I put instructional methodologies to the test by teaching supplemental mathematics courses to elementary-age pupils willing to take on a prealgebra-level course at that age. My pupils' families come from multiple countries in Asia, Europe, Africa, and the Caribbean Islands. (Oh, families from all over the United States also enroll in my classes. See my user profile for more specifics.) Simply by benefit of a better-designed set of instructional materials (formerly English translations of Russian textbooks, with reference to the Singapore textbooks, and now the Prealgebra textbook from the Art of Problem Solving),
the pupils in my classes can make big jumps in mathematics level (as verified by various standardized tests they take in their schools of regular enrollment, and by their participation in the AMC mathematics tests) and gains in confidence and delight in solving unfamiliar problems. More schools in the United States could do this, if only they would. The experience of Singapore shows that a rethinking of the entire national education system is desirable for best results,
but an immediate implementation of the best English-language textbooks, rarely used in United States schools, would be one helpful way to start improving mathematics instruction in the United States. There are accessible descriptions for teachers in the United States of the system in Singapore, for example, "Beyond Singapore's Mathematics Textbooks: Focused and Flexible Supports for Teaching and Learning" American Educator, Winter 2009-2010 pages 28-38.
A critique of United States schools by Alex Reinhart that was posted here on HN soon after it was published
begins with the statement "In American schools, mathematics is taught as a dark art. Learn these sacred methods and you will become master of the ancient symbols. You must memorize the techniques to our satisfaction or your performance on the state standardized exams will be so poor that they will be forced to lower the passing grades." This implicitly mentions a key difference between United States schools and schools in countries with better performance: American teachers show a method and then expect students to repeat applying the method to very similar exercises, while teachers in high-performing countries show an open-ended problem first, and have the students grapple with how to solve it and what method would be useful in related but not identical problems. From The Teaching Gap: Best Ideas from the World's Teachers for Improving Education in the Classroom (1999):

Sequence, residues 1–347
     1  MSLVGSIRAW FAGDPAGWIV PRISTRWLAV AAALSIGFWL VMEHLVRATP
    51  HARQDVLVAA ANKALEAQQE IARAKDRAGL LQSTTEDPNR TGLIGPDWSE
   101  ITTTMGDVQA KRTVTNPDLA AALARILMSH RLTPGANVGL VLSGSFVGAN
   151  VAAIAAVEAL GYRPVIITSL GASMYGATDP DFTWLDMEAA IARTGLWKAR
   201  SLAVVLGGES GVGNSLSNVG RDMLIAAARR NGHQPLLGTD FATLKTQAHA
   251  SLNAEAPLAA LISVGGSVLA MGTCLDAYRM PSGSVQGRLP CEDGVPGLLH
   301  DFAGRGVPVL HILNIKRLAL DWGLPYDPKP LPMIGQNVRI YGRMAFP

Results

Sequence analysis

"Readers who are parents will know that there are differences among American teachers; they might even have fought to move their child from one teacher's class into another teacher's class. Our point is that these differences, which appear so large within our culture, are dwarfed by the gap in general methods of teaching that exist across cultures. We are not talking about gaps in teachers' competence but about a gap in teaching methods." p. x